If you want to re-route some misplaced anger toward an NBA player today, Andre Drummond should be your guy.
The Detroit Pistons center not only Snapchatted a picture while driving on Saturday, completely stupid and reckless to begin with, but the photo he picked showed him driving 96 and soon to be 97 miles per hour on a highway with a 70 mile an hour speed limit. Drummond even decided to add text and an emoji to his post – again, while driving – and the photo even reveals that Drummond wasn’t even wearing a seat belt at the time.
Again, incredibly, incredibly stupid. From Reddit:
Do we really have to get into how dumb this is? Well, judging by just some of my interactions on the road on Monday, yes.
Don’t use your phone while you drive. You’re not good at it. You think you are, because you haven’t gotten into a wreck yet, but you’re not good at it.
This isn’t just aimed at people Drummond’s age, or younger. I’m talking to you, bank teller and mother of two. I’m talking to you, contractor in a van following up on a parts order. I’m talking to you, Aunt Cheryl who didn’t even have a cell phone until four years ago. Talking, texting, Facebooking – you are terrible at using your phone while driving, at any speed, and you aren’t even noticing because nothing short of a wreck is encouraging you to put your eyes back on the road.
Just pulling out the phone to access the camera, something that is illegal in Michigan (as it should be illegal nationwide; all forms of phone communication save for emergency calls should be) was wrong enough. The fact that Drummond accessed his Snapchat application, typed out a message and emoji, and sent it out? Even if he was going 46 in a 45, this is about as idiotic and dangerous as these things get.
Drummond wasn’t going 46 in a 45, though. He was going 96 in a 70. Without his seatbelt on.
As the weekend moved along, Drummond was asked about his screwup, and he apologized. From David Mayo at MLive.com:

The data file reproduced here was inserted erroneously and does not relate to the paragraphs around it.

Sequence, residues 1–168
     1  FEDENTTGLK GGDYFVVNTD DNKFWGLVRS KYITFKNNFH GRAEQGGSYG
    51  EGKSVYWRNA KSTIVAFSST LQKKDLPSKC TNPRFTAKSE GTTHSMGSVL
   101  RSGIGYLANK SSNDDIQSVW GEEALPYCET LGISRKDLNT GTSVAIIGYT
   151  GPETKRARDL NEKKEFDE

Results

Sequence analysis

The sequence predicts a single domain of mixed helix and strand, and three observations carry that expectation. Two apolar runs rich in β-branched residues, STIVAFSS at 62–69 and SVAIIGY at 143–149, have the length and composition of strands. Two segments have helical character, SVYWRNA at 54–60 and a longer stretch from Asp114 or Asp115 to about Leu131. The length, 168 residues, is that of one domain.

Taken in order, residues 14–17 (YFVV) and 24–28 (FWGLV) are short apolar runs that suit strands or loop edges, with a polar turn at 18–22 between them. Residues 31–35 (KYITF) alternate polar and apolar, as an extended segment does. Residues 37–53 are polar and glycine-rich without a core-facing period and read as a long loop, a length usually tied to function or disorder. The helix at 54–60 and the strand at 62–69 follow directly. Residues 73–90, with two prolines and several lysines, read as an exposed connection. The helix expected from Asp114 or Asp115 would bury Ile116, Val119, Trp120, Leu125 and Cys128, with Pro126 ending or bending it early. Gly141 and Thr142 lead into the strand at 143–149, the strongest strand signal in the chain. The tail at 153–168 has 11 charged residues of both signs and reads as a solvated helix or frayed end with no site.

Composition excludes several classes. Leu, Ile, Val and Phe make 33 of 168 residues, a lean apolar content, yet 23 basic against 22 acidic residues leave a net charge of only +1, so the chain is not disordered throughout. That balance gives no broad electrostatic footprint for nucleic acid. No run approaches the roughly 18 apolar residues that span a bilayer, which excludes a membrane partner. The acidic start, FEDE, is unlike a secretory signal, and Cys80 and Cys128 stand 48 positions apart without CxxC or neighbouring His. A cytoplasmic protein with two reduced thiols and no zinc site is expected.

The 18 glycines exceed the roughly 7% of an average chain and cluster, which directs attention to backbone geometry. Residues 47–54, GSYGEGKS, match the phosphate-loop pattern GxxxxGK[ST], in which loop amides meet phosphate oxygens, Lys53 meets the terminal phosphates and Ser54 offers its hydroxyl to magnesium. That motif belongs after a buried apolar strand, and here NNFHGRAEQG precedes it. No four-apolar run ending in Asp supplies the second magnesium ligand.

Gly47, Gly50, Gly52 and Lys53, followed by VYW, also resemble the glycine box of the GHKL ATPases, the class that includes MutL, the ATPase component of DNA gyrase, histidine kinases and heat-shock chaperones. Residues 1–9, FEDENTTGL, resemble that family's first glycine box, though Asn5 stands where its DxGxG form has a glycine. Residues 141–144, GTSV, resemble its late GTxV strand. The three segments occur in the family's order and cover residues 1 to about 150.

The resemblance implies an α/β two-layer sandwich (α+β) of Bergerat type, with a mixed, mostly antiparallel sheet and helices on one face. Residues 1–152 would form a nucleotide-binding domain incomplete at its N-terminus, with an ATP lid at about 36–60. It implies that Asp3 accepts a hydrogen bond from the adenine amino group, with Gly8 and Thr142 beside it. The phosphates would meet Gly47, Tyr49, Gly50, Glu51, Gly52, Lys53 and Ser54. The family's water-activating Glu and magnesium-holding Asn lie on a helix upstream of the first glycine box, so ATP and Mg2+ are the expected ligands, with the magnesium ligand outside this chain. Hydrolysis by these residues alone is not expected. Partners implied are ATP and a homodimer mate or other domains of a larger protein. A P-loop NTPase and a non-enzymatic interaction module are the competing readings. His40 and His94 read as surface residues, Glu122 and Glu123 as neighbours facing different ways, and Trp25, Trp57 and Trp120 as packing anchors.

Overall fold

"I own up to it," Drummond said. "It's a silly mistake. Just got to move forward from it. It won't happen again. That's really it."
Snapchat, a photo-sharing site, is popular partly because images posted there are designed to vanish after a few seconds.
Drummond’s coach, Stan Van Gundy, was also asked about the photo:
"I know you're young and you think you're indestructible, but for the people that care about you, it's scary as hell," Van Gundy said before Sunday night's game against the Oklahoma City Thunder.
"I don't want to wake up and read about Andre Drummond in an accident. That's the issue to me."
We’re coming up on the 15th anniversary of Bobby Phills’ death. Drummond and many other players his age may have never heard of Bobby Phills, but he was about as respected as NBA players came during that era, a heady contributor that coaches and teammates adored.
Phills died in a car accident because he was racing teammate David Wesley on his way home from practice, driving 75 miles an hour at the time, endangering two other drivers who were also involved in the accident as Phills swerved into oncoming traffic. Bobby was driving a Porsche 911, a car known for its precise handling despite its rear drive setup, and working on a clear day with good visibility. He wasn’t driving some honking Mercedes SUV going nearly triple digits, while taking photos and tapping out captions.
The extent of Drummond’s recklessness is, indeed, scary as hell. However, slower drivers need to understand that they’re closer to Drummond’s brand of lawlessness than they think any time they decide to whip out their phone when their hands should be on the wheel and/or gear shift instead.
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